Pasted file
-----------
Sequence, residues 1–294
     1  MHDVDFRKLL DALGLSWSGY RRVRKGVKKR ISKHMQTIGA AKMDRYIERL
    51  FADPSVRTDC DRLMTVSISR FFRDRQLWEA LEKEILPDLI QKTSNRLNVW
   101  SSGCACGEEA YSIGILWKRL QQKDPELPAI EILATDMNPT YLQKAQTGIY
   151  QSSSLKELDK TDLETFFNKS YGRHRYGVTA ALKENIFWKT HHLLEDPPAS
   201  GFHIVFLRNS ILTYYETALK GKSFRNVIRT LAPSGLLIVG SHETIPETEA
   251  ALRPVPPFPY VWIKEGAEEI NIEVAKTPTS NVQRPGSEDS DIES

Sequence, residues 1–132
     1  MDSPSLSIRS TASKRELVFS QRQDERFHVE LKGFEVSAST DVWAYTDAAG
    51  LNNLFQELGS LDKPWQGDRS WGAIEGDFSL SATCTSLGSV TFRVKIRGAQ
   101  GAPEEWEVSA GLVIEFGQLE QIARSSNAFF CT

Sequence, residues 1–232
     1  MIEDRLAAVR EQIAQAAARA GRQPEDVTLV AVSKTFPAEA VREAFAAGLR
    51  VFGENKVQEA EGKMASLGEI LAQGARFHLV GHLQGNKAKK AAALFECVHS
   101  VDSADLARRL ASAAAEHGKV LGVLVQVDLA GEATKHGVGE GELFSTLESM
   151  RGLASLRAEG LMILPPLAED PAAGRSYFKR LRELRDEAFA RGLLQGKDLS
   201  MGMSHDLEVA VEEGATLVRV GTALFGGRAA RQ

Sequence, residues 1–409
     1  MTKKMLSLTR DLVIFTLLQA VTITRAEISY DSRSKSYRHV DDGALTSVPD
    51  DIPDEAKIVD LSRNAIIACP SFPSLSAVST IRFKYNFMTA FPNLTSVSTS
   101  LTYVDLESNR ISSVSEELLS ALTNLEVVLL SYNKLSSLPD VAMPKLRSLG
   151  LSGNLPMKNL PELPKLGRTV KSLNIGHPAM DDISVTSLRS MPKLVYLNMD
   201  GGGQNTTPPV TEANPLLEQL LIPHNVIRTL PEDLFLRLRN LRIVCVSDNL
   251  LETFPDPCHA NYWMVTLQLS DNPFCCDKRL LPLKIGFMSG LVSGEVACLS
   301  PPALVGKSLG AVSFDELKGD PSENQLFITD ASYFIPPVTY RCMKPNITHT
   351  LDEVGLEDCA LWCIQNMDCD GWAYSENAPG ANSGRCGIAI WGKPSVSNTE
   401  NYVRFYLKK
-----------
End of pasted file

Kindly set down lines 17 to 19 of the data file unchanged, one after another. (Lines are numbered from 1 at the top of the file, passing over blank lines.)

   201  MGMSHDLEVA VEEGATLVRV GTALFGGRAA RQ

Sequence, residues 1–409
     1  MTKKMLSLTR DLVIFTLLQA VTITRAEISY DSRSKSYRHV DDGALTSVPD